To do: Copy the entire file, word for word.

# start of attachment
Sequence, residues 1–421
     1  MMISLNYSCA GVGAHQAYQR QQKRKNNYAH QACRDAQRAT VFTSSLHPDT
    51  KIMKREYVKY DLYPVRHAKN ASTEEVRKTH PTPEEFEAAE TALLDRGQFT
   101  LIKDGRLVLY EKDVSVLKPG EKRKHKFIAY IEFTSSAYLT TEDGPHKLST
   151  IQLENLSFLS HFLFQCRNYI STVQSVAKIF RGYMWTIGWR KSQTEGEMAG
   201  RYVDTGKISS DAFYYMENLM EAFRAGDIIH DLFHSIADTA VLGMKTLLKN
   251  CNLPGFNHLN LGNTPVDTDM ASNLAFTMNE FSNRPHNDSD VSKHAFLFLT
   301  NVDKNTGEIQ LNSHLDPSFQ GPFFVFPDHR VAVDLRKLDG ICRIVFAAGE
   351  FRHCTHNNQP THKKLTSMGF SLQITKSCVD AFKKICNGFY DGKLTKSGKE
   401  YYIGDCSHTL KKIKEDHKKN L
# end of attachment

Sequence, residues 1–421
     1  MMISLNYSCA GVGAHQAYQR QQKRKNNYAH QACRDAQRAT VFTSSLHPDT
    51  KIMKREYVKY DLYPVRHAKN ASTEEVRKTH PTPEEFEAAE TALLDRGQFT
   101  LIKDGRLVLY EKDVSVLKPG EKRKHKFIAY IEFTSSAYLT TEDGPHKLST
   151  IQLENLSFLS HFLFQCRNYI STVQSVAKIF RGYMWTIGWR KSQTEGEMAG
   201  RYVDTGKISS DAFYYMENLM EAFRAGDIIH DLFHSIADTA VLGMKTLLKN
   251  CNLPGFNHLN LGNTPVDTDM ASNLAFTMNE FSNRPHNDSD VSKHAFLFLT
   301  NVDKNTGEIQ LNSHLDPSFQ GPFFVFPDHR VAVDLRKLDG ICRIVFAAGE
   351  FRHCTHNNQP THKKLTSMGF SLQITKSCVD AFKKICNGFY DGKLTKSGKE
   401  YYIGDCSHTL KKIKEDHKKN L